Moving in, Paying the Rent, and the Mystery of the German Garbage System

Moving in

In order to avoid disputes about damages during occupancy, renters should examine the dwelling together with the landlord immediately upon moving in and make a list of damages or necessary repairs and then have them entered in to the lease.

Most leases require tenants to repaint the interior of homes when moving out. In some instances, the landlord may stipulate that the painting is to be done by a company approved by the landlord. If that is not the case and you do not wish to do the painting yourself (beware: the landlord approves whether a job was suitable or not), there are plenty of painters who can be found under the heading of "Malerbetriebe" in the Yellow Pages. German leases often stipulate that tenants take out a household and personal effects insurance (Hausratsversicherung) and personal liability insurance (Haftpflicht-Versicherung). If you have furniture to move, you can either call up a moving service or rent a van or truck to move everything yourself. For rentals, ask your department secretary for advice.

Quiet time or "Ruhezeit" in Germany is holy. It is between 1 pm and 3 pm and   10 pm and 7 am, Monday through Saturday and all day Sunday. Avoid loud noises such as drilling, sawing, hammering, or turning up your stereo. Inform your neighbors if you are planning a party during that time.

Utility and Rent Payments

You will be paying the rent, which cannot be changed for the duration of a lease, and the "Nebenkosten" or additional costs such as heating, staircase cleaning, garbage collection, and water. You will generally pay for electricity separately, directly to the electricity provider. Make sure you include this extra money in your financial plans. Remember to ask your landlord to specify the "Nebenkosten" for you before you sign the rental agreement.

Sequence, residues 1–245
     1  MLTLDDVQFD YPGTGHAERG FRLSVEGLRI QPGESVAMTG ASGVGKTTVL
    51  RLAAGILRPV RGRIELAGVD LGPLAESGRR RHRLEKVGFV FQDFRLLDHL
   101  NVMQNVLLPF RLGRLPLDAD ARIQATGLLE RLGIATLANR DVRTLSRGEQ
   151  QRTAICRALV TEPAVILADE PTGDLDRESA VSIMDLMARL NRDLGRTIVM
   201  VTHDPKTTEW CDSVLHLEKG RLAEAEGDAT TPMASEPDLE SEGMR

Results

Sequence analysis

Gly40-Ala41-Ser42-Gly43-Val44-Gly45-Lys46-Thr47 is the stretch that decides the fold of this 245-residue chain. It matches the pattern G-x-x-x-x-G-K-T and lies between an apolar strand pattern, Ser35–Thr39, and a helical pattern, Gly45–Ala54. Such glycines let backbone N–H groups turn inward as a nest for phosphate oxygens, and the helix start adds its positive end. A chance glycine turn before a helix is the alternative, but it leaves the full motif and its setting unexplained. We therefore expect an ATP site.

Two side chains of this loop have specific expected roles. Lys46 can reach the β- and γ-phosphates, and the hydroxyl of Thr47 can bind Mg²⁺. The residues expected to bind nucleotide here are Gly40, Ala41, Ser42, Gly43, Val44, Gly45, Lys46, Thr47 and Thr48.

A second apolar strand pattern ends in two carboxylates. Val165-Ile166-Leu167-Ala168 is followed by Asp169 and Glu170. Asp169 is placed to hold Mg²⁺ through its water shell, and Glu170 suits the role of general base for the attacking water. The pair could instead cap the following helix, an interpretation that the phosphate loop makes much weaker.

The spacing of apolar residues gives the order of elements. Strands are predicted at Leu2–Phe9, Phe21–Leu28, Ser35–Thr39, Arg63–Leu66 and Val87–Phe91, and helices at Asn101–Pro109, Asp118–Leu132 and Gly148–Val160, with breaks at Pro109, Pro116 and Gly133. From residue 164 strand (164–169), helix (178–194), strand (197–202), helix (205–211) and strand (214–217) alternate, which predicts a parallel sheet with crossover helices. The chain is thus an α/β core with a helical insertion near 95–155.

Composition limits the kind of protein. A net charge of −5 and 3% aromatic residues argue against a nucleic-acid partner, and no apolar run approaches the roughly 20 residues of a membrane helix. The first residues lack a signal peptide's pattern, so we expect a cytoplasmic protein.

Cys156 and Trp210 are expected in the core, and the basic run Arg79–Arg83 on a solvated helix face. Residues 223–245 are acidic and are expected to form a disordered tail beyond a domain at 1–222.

If a tenant uses less heat, for example, than estimated in the lease, he or she is refunded the difference. On the other hand, if the price of one of the "Nebenkosten" rises, such as rubbish collection, during the period covered by a lease, your charges will be raised accordingly. Tenants receive a summary of these extra costs once a year.

Landlords usually require two to three months of rent as a security deposit (Kaution). Security deposits are in the form of interest-bearing savings books taken out by and in the name of the tenant and then turned over to the landlord.

Leases are generally unlimited with a three-month period of notice for both parties, something you need to keep in mind if you want to move to a different place. Be prepared for forthright questions from landlords concerning employer, income, proposed length of stay and ages of children. 

The Mystery of the German Garbage System

Garbage separation is mandatory. In your neighborhood, there will be local containers for deposit-free glass bottles and old clothes. Do not throw these into your regular garbage. Ask your neighbors for directions where to find the next containers.

The city usually provides three garbage bins. The green bin is for organic waste, the blue bin is for paper and the dark grey bin is for everything that does not fit into any other category (e.g. general trash). Plastic and metal (including most kinds of packaging) are collected in special yellow bags that are provided free by the recycling service Veolia or the Neues Rathaus. Pickup of all the above happens every two weeks in most areas. Please ask your neighbors for the collection schedule in your area, or check the website of the Göttinger Entsorgungsbetriebe.

Large items such as kitchen appliances and old furniture (Sperrmüll) may be removed free of charge by the city. For more information, ask your landlord.

Go to Editor View